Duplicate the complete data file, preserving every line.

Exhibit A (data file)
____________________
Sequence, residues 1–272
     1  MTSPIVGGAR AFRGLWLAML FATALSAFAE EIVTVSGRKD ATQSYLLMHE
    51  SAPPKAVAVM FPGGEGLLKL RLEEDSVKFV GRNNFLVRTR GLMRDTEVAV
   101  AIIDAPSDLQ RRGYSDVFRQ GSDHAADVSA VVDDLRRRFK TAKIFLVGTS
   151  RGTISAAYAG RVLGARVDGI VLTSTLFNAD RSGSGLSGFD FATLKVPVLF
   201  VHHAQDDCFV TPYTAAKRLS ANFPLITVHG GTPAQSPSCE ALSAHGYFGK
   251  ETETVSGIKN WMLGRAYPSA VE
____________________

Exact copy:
Sequence, residues 1–272
     1  MTSPIVGGAR AFRGLWLAML FATALSAFAE EIVTVSGRKD ATQSYLLMHE
    51  SAPPKAVAVM FPGGEGLLKL RLEEDSVKFV GRNNFLVRTR GLMRDTEVAV
   101  AIIDAPSDLQ RRGYSDVFRQ GSDHAADVSA VVDDLRRRFK TAKIFLVGTS
   151  RGTISAAYAG RVLGARVDGI VLTSTLFNAD RSGSGLSGFD FATLKVPVLF
   201  VHHAQDDCFV TPYTAAKRLS ANFPLITVHG GTPAQSPSCE ALSAHGYFGK
   251  ETETVSGIKN WMLGRAYPSA VE